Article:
Meyer Loshak from Hritsiv, Ukraine

Ari’s 3x great-grandfather Meyer Loshak was born on 4 April 1884 in a town that is now called Hritsiv in Ukraine.

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Before WWI the town was called Gritsev, and it was in the Volhynia district of the Russian Empire. In 1879, the year of the Russian census, the Jewish population of the town was 979. There was a pogrom there on 21 Sept 1917. The town was captured by the Germans on 5 July 1941, and a ghetto was established. All the Jewish people of the town (c.1900 at that time)  were murdered either in 1941 or in 1942 after being transferred to another ghetto.

Meyer was the son of Lazarus (Eleazer) Loshak and Dvossie Singer. He came to England in 1906, following the 1905 Russian Revolution. His son Harry has given us the story:

“He was the youngest but one of a large family. He soon displayed a formidable aptitude at the casuistic arguments about the significance of the sacred texts. The result was that he was regarded by his teachers and his father as destined to become a rabbi. He had a remarkable gift for languages. Yiddish was his mother tongue. He quickly acquired the Hebrew and Aramaic needed for the Talmud. Before the age of 13 he had also learnt to read and speak Russian as well as the Ukrainian dialect. When he came to Britain in 1906 he soon became fluent in English, which he spoke without trace of a foreign accent. Having learnt Russian he read widely in Russian literature, both the classic authors and contemporary left-wing literature. It was the latter which, when he was about 14, led him to lose religious faith and to become an atheist, much to his father’s disgust. At 15, he left home and supported himself by teaching Russian to Yiddish-speaking Jews. He joined the Bund, a left-wing Jewish political group which was then allied to the Communist movement. As such, he took an active part in the unsuccessful 1905 revolution. Exactly what his role was, I do not know, but it led to a warrant for his arrest by the Tsarist police. He went into hiding and was later smuggled across the border into Germany to avoid probable deportation to Siberia. After spending a few weeks in Germany, he came to Britain on a ship from Hamburg to London.”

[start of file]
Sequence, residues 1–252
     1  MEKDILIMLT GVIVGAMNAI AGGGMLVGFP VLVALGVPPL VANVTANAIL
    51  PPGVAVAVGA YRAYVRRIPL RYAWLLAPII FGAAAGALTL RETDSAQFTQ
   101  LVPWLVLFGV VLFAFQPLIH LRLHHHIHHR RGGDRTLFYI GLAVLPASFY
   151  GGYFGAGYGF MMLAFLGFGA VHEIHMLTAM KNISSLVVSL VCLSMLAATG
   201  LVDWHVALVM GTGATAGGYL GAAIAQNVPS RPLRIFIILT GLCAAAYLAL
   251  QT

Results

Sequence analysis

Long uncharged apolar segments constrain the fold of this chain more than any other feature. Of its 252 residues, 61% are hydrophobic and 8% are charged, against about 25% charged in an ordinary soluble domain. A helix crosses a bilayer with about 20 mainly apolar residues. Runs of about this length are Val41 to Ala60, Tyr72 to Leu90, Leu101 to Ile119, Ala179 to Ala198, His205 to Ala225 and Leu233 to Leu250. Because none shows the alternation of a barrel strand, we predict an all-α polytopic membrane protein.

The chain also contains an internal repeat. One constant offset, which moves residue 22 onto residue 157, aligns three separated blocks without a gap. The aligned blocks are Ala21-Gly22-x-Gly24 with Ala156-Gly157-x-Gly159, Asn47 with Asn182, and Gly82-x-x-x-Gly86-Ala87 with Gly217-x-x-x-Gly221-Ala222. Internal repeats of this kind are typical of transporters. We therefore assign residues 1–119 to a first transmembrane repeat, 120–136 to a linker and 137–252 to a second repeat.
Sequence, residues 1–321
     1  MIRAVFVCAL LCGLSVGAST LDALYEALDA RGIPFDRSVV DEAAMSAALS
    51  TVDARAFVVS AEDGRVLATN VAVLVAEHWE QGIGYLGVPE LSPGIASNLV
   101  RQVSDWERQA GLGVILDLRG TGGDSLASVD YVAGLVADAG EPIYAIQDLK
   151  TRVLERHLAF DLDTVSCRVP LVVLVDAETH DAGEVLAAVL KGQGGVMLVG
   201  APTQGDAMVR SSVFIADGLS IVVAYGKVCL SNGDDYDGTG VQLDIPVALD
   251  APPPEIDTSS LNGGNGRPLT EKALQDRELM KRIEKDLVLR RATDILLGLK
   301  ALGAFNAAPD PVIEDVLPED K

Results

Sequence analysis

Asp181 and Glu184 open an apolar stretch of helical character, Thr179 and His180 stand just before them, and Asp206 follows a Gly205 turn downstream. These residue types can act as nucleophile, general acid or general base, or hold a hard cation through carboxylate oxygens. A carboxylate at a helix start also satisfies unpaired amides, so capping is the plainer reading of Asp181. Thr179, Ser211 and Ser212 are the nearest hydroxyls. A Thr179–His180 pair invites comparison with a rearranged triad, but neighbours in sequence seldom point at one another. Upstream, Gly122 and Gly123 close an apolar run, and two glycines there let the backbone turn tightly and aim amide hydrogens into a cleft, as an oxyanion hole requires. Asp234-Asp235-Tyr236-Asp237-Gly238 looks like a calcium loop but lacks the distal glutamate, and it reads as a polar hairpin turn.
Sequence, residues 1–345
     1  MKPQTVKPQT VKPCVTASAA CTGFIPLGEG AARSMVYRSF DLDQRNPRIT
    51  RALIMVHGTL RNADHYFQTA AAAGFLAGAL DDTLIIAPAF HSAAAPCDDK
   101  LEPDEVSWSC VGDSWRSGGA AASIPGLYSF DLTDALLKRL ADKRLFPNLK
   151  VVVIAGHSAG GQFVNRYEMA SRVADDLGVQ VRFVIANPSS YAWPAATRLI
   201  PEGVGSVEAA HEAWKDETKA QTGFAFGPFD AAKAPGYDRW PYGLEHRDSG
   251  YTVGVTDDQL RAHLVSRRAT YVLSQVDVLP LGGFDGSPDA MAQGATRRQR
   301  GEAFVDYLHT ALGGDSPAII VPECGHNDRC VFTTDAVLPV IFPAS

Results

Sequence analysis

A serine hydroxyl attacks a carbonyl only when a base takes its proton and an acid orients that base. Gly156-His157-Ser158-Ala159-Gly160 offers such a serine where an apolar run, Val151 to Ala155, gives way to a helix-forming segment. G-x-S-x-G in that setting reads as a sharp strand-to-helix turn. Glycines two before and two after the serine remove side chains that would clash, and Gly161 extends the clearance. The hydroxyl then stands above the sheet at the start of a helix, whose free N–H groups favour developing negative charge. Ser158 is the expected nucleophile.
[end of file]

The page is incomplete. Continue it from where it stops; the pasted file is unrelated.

This passport  was issued by the “Headman of Middle Class citizens of Settlement Grizev. The bearer of this document, the Middle Class citizen Meer Leizorovich Loshak, from Volynsky province, Zaslavski region, settlement Grizev, is discharged to various cities and settlements of the Russian Empire till 22 April 1904. Issued 22 April 1903.”

meyerpassport0001

In London, “he took a room in a lodging house and, for a month or two, made a meagre living by selling neckties from a barrow in Petticoat Lane. A fellow lodger, named Pertschuk, who worked for a fur skin merchant in the City, told him of a vacancy at this merchant’s. My father applied for it and was appointed. He remained for a few years, when he left the job and set up in business as a fur skin merchant on his own account.”

This is a photo from 1906.

meyer1906

Meyer married Freida (Fannie) Nisman on 4 July 1907 in the Register Office in Whitechapel (I had never noticed before, but you can see that Joseph Pertschuk was a witness to the marriage).

Meyer Loshak Fannie Nisman_mc